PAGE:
In some cases, the valley level of the envelope can also be pushed down when the power amplifier circuit 120 applies excessive gain to the input signal. As described above, the supply modulator circuit 110 is driven by a source voltage 107, and the supply voltage 115 that is output by the supply modulator circuit 110 is limited by the source voltage 107. Because the power amplifier circuit 120 is driven by the supply voltage 115, and the supply voltage 115 is limited by the source voltage 107, the peak amplitude of the output signal is similarly limited (e.g., to twice the source voltage 107, or some small delta below that). As described above, the output signal of the power amplifier circuit 120 is substantially symmetrical around the supply voltage 115 (e.g., the supply voltage 115 is substantially the average of the envelope magnitude at any time). As such, if the power amplifier circuit 120 applies an amount of gain to the input signal that causes the output signal peak to exceed the peak amplitude, this may tend to push down the supply voltage 115 level; reducing the supply voltage 115 level effectively increases the distance between the peak and the supply voltage 115, when the peak cannot increase beyond the maximum peak level. This can also push down the valley level. As described above, it can be undesirable for the valley level to be pushed down below a minimum level. Accordingly, some embodiments include pushdown detection functionality.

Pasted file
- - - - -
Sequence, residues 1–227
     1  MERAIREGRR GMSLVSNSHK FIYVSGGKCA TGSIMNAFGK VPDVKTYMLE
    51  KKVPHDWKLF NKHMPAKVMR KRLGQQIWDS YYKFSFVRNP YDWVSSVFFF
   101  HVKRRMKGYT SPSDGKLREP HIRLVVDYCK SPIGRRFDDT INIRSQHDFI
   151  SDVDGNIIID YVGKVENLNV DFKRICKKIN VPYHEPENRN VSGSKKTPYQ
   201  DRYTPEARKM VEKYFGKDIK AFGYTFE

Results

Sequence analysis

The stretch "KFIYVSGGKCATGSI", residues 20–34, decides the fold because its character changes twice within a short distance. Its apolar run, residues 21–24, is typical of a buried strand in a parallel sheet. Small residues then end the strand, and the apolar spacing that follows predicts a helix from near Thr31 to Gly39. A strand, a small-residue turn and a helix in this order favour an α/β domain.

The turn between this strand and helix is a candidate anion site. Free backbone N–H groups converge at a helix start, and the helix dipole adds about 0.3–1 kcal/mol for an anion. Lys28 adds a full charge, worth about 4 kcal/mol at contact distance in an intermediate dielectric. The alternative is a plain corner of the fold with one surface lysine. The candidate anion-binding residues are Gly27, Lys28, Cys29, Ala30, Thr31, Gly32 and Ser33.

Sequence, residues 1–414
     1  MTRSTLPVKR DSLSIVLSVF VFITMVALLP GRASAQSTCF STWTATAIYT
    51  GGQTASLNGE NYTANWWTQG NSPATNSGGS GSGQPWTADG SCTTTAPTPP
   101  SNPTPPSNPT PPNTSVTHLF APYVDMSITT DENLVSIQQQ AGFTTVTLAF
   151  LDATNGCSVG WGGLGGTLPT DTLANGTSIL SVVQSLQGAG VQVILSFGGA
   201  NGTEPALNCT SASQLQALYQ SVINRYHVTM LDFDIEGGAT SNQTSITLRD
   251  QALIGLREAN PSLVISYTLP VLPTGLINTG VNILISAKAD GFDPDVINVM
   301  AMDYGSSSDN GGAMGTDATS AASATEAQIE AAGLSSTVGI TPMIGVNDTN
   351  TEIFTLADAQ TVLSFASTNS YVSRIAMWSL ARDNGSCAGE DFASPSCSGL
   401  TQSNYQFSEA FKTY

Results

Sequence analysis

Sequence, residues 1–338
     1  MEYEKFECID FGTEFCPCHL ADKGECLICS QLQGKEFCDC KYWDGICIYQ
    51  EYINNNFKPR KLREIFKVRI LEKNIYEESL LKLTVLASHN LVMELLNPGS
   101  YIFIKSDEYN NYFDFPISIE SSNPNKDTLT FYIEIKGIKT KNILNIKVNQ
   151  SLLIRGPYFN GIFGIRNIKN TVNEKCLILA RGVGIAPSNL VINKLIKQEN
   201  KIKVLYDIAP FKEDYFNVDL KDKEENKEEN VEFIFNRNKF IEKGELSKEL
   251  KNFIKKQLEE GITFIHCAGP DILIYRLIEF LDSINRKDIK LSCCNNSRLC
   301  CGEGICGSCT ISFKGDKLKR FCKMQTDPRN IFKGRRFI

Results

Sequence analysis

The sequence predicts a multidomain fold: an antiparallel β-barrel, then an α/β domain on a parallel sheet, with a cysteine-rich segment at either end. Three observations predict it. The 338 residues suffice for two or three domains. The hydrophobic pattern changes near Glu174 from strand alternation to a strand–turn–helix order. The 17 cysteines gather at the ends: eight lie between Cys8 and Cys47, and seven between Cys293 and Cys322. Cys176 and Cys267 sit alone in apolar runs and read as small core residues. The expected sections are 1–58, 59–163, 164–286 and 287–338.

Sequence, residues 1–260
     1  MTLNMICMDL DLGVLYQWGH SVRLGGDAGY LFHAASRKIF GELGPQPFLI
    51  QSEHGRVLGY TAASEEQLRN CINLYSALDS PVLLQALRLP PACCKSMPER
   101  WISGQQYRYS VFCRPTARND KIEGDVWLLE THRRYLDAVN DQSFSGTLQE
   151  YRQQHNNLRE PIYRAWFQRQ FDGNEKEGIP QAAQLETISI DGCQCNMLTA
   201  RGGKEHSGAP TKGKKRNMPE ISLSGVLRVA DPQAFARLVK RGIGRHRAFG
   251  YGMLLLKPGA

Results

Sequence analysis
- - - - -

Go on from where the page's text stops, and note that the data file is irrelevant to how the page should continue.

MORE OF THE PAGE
FIG. 6 shows a circuit block diagram of an illustrative power amplifier system 600 having pushdown detection, according to various embodiments. As illustrated, the power amplifier system 600 is substantially the same as the power amplifier system 100 of FIG. 1, with the addition of a pushdown detector 610 and a limiter 620. Embodiments of the pushdown detector 610 detect whether the valley level is pushed below a predetermined minimum valley level. Embodiments of the limiter 620 are coupled with the pushdown detector 610 and the power amplifier circuit 120 to limit the gain applied to the signal input 125 in response to the pushdown detector 610 detecting that the valley level is pushed below the predetermined minimum valley level. For example, in response to detecting that the valley level is pushed below the predetermined minimum valley level, the limiter 620 can direct the power amplifier circuit 120 to reduce the gain being applied. In some implementations, the power amplifier circuit 120 applies gain according to a gain code, and the limiter 620 can direct the power amplifier circuit 120 to reduce the gain being applied by directing it to back off the gain code.